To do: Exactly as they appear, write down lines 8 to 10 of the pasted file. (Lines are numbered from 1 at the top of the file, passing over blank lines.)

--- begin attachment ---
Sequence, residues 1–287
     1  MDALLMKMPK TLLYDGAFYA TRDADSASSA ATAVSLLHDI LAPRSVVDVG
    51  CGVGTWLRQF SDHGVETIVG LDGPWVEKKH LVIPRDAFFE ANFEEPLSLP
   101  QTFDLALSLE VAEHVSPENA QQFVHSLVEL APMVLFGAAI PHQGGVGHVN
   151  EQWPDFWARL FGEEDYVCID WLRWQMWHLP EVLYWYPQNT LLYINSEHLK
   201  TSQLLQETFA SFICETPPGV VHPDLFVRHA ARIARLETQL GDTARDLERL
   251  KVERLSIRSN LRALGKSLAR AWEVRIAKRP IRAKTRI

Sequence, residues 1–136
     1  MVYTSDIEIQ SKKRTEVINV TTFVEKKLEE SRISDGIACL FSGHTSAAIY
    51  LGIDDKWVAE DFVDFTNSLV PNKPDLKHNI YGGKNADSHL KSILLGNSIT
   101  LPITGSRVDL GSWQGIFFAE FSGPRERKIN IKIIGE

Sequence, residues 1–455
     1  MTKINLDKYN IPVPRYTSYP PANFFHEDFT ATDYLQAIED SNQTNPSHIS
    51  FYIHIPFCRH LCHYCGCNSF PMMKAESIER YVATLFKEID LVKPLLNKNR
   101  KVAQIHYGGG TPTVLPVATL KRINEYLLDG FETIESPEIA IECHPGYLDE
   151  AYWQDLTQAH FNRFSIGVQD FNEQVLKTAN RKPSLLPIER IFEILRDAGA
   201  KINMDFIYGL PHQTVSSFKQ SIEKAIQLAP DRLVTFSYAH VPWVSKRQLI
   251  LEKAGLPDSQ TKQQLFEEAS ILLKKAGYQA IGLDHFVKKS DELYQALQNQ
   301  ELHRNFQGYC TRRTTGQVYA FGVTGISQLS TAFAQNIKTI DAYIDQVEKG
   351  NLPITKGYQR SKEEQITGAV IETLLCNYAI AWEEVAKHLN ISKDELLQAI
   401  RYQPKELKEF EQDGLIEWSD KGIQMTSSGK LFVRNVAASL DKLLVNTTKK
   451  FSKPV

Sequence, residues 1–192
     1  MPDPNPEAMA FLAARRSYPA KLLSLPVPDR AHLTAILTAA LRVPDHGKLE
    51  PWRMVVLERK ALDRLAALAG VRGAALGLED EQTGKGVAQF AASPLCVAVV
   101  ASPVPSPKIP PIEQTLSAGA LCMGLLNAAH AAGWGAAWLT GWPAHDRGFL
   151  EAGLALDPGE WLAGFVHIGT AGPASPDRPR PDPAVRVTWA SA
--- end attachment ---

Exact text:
Sequence, residues 1–136
     1  MVYTSDIEIQ SKKRTEVINV TTFVEKKLEE SRISDGIACL FSGHTSAAIY
    51  LGIDDKWVAE DFVDFTNSLV PNKPDLKHNI YGGKNADSHL KSILLGNSIT